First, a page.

Sure, United have excited on occasion this season, that previous win over Leeds and the 9-0 demolition of Southampton immediately coming to mind.

But Sunday's stalemate was United's seventh 0-0 draw of the season, more than any other team in the Premier League.

On top of that, 2020-21 has now seen United play out more goalless draws than any other Premier League season.

They previously played out six in 2004-05 and 2016-17, but 2020-21 now leads the way.

West Ham 0-1 Chelsea: Tuchel's at home on the road

Thomas Tuchel has made a fine impression at Chelsea since replacing Frank Lampard in January. The achievements seem to be piling up.

Chelsea's latest win saw them leave London rivals West Ham with a 1-0 win that moved them back into the top four at the expense of David Moyes' boys.

As such, he became the first Chelsea manager to avoid defeat in his first 10 away games across all competitions.

The previous club record was set by William Lewis over 100 years ago in 1906-07, when they went nine unbeaten on the road.

Tuchel also matched the record set by Luiz Felipe Scolari for the number of clean sheets (10) in his first 14 Premier League matches.

What's even more impressive about that is it's a league record, rather than just relevant to Chelsea.

The NFL Draft is an event that is both defined by and consistently challenges conventional wisdom.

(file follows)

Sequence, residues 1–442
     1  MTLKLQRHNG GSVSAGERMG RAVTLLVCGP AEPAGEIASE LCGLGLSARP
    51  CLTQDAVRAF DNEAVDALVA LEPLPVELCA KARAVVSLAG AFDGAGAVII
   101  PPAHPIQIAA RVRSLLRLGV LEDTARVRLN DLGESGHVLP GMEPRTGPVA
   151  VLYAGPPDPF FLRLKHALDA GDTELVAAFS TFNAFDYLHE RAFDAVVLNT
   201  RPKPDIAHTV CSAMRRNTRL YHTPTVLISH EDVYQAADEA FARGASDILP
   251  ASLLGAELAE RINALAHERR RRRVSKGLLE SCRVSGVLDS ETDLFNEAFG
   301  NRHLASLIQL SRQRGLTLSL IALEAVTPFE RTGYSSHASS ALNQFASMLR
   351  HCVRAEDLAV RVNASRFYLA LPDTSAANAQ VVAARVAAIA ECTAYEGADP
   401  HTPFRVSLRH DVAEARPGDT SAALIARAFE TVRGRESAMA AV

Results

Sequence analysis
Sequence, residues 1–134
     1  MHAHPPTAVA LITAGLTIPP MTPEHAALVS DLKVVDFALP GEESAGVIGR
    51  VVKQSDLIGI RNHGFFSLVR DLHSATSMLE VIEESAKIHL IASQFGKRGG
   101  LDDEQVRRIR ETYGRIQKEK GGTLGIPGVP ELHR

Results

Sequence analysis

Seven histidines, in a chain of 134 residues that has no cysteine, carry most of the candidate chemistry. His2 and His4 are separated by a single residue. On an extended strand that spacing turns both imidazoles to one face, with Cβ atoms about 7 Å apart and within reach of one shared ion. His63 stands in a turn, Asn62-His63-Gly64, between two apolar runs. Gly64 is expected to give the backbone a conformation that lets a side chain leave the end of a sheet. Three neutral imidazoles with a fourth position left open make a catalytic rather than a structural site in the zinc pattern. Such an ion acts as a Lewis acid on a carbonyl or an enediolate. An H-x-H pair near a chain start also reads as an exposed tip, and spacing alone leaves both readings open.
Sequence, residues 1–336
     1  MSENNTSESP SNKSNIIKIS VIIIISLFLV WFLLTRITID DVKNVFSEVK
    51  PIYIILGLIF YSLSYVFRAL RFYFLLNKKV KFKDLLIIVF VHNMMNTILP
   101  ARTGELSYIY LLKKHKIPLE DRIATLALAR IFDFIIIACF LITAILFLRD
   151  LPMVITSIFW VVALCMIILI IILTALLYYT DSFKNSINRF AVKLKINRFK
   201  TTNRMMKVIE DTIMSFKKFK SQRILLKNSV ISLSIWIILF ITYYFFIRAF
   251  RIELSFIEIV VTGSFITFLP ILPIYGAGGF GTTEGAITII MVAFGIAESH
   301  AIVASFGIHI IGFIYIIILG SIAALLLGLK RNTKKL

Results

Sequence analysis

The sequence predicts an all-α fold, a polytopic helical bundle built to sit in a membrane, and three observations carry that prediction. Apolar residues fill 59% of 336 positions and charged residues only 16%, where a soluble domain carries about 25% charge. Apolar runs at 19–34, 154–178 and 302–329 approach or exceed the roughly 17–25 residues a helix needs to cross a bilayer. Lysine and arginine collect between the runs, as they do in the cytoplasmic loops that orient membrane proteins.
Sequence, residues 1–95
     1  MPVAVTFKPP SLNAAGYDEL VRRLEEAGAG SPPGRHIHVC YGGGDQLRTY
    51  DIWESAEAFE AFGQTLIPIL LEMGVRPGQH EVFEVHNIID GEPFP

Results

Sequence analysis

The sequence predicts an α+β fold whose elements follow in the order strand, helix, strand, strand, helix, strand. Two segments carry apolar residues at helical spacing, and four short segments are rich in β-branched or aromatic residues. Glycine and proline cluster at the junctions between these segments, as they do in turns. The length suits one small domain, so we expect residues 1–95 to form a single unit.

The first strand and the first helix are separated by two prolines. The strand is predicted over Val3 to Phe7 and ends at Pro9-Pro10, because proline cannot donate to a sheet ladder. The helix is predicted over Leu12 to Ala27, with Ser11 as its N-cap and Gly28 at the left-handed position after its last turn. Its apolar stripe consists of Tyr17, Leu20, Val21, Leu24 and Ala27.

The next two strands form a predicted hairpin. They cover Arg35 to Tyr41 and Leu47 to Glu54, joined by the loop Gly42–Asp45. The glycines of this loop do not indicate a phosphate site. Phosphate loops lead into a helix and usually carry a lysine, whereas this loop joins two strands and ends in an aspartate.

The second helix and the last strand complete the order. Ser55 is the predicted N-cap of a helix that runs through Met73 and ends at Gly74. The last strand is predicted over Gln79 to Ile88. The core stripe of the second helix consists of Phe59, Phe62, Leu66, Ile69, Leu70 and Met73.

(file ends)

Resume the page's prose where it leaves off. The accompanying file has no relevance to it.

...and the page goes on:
Offensive tackles with short arms - though they would be considered long for must people - are widely regarded as a risky proposition, yet versatile brick wall Rashawn Slater will go in the first round despite barely meeting the 33-inch threshold.

Running backs are not supposed to be selected in the first round anymore, but Travis Etienne, Najee Harris and Javonte Williams could all hear their name called on day one.

Then there is the notion that you should not draft a tight end in the top five, one that is about to be shattered by Florida phenom Kyle Pitts.

Over 6ft and 5in tall, weighing 245 pounds, Pitts ran the 40-yard dash at his pro day in a scorching 4.44 seconds.

That is the kind of physical profile that has linebackers and safeties waking up in cold sweats.

Not that there haven't been monstrous athletes at the tight end position before. The nature of the position - blocking defensive ends one play, going one on one with a defensive back the next - demands remarkable athletic gifts.

Vernon Davis, drafted sixth overall by the San Francisco 49ers in 2006, was 6ft 3in and 254 pounds and he ran the 40 in 4.38 seconds.

But Pitts is of a different ilk. Whereas Davis needed fine-tuning and took some time to reach his potential with San Francisco, Pitts heads to the league with a skill set that could hardly look more pro-ready.

Versatile, agile, Pitts is a big-play behemoth in the receiving game who has showcased an encouraging appetite for the dirty work on the line of scrimmage. As his Stats Perform data illustrates, Pitts is the tight end for whom a team should depart from the traditional groupthink.

A torrent of tight end production

Pitts was the best tight end in college football last season and, in terms of the raw statistics, it was not at all close.

Despite playing only eight games, Pitts led the FBS in receiving yards (770), with Hunter Long of Boston College his nearest challenger (685).